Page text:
Some Thoughts on Plein Air Painting and Spatial Identity

On my way home from work the other day, I got to thinking about what makes for a compelling plein air painting, as I’ve set a goal for myself to enter at least one plein air event next year. I want to be comfortable enough with my plein air painting by then that I’ll be able, if given the opportunity, to produce some works I’ll be pleased with during the event.

There are the usual things that make a painting compelling that would apply to plein air as well—composition, color, value, motif, etc—but might there be something else? The immediacy of the experience, or the space, would necessarily be a chief component, but how can that be characterized? I got to thinking about the importance of our relationship to the spaces we occupy, and how fundamental that is to our sense of self. Our own identity, as individuals and as a culture or society, is so closely linked to the identity of the spaces we occupy. Put another way, human identity, cultural identity, and spatial identity are three of probably many sides of the same prism.

We see this often play out when one culture/nation comes in to colonize another. I wrote a paper on this in college that has since been lost in which I explored how the English, in expanding their interest in Ireland in the 16th and 17th century, made a concerted effort to change the way the Irish though of the space they occupied. The Irish were, if I remember correctly, roaming, with a fluid understanding of property ties. They couldn’t be mapped, they couldn’t be pinned down, and thus couldn’t easily be conquered. So, the English offered Lordships to powerful Irish leaders, in essence tying them not only to the crown, but more importantly, to the land. They were now responsible for a space, which was a fundamental mindset and cultural shift. This may not be quite right upon closer inspection by a better scholar, but I’m posting it anyway because it’s a reflection of a line of thinking I was developing that became foundational for my fiction.

As I was thinking through this, and its relationship to visual art, my thoughts were taking a familiar turn. It was very much a case of déjà vu. When I got home I poked around my computer, recalling vaguely that I once wrote something about spatial identity and art with a friend, not sure what I would find. It turned out that we had conceived of a whole book on the subject, which we intended to call Between the Motif and Me: Spatial Identity in Literature, Art, and Architecture, and had started drafting an introduction.

I mentioned in my last post that I’m looking at three different directions at once. This concept of spatial identity is one of them, so I’m posting some of what I found. What you’ll see below is only half of the intro to the book. The sections on videogames and architecture were not complete enough to include at this time, though I may return to them, or at least post excerpts—such as a good passage from Tadao Ando—at a later time.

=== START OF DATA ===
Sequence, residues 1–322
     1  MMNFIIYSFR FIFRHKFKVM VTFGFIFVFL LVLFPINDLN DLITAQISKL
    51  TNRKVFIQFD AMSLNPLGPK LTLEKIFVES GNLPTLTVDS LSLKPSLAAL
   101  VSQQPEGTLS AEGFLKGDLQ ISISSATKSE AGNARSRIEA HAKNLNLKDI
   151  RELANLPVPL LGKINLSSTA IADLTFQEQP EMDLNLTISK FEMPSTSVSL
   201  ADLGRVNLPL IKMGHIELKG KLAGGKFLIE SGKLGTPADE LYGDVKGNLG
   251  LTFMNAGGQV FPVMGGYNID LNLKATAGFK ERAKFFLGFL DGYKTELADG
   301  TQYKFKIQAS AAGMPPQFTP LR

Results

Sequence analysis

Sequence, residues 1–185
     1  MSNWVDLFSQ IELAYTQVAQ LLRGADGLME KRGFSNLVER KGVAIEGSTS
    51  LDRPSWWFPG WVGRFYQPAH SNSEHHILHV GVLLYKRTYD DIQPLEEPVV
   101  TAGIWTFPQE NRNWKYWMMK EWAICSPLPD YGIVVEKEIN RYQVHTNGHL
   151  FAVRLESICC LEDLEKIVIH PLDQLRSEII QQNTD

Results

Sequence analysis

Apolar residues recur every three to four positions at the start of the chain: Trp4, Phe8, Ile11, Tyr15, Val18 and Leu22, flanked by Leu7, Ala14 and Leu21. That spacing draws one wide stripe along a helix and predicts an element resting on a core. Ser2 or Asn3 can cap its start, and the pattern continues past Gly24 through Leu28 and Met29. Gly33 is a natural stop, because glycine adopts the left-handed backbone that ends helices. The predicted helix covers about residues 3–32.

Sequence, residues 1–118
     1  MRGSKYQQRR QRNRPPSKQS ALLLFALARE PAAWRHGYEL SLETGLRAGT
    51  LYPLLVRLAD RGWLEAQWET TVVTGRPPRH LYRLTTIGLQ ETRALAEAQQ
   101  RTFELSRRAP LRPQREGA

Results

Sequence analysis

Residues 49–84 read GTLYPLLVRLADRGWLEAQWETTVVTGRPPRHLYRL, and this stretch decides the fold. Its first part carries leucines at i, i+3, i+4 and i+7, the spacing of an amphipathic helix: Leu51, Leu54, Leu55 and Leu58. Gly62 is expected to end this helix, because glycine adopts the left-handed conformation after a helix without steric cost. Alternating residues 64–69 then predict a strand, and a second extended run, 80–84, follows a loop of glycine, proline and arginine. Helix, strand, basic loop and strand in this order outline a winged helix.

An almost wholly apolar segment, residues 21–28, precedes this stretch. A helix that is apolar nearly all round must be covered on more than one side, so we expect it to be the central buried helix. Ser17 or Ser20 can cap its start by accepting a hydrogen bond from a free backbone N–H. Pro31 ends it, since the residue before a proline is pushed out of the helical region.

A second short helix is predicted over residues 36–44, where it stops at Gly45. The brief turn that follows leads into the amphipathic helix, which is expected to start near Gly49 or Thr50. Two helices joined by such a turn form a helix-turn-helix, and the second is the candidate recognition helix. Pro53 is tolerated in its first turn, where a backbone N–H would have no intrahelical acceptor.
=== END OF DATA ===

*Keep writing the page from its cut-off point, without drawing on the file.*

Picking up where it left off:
Thanks for reading.

Between the Motif and Me: Spatial Identity in Literature, Art, and Architecture

 By Corey Aber and J. Patrick Chu

Introduction: Surveying the Landscape 

In 1895 Monet told two Norwegian interviewers: “To me, the motif is an insignificant factor; what I want to reproduce is what lies between the motif and me.” He wanted to paint “the air in which the bridge, the house, and the boat are to be found—the beauty of the air around them—and that is nothing less than impossible.”[i] Monet was ultimately referring to the feeling of a space, its underlying spatial identity.

As impossible as Monet claimed it is to actually do so, the attempt to capture and/or create spatial identity is a fundamental element of literature, art, and cinema, not to mention architecture, which itself is the active creation of meaningful space (in fact, the field of architecture raises additional questions of the possibility of creating a spatial identity from scratch).

We see this attempt, for example, in Hiroshi Sugimoto’s “Seascapes” series of photographs—a collection of black and white views of ocean and sky in different parts of the world. This series deals with spatial identity and the passage of time. For his exhibit at the Hirshorn Museum in Washington DC in 2006, he described his motivation for the project:

“One New York night in 1980, during another of my internal question-and-answer sessions, I asked myself, ‘Can someone today view a scene just as primitive man might have?’ The images that came to mind were of Mount Fuji and the Nachi Waterfall in ages past. A hundred thousand or a million years ago would Mount Fuji have looked so very different than it does today? I pictured two great mountains; one, today’s Mount Fuji, and the other, Mount Hakone in the days before its summit collapsed, creating the Ashinoko crater lake. When hiking up from the foothills of Hakone, one would see a second freestanding peak as tall as Mount Fuji. Two rivals in height—what a magnificent sight that must have been! Unfortunately, the topography has changed. Although the land is forever changing its form, the sea, I thought, is immutable. Thus began my travels back through time to the ancient seas of the world.”[ii]

These struggles of Monet and Sugimoto shed some light on the nature of spatial identity. It is not a resolute object or property. Rather, it is a spectrum that ranges from the inherent to the imposed.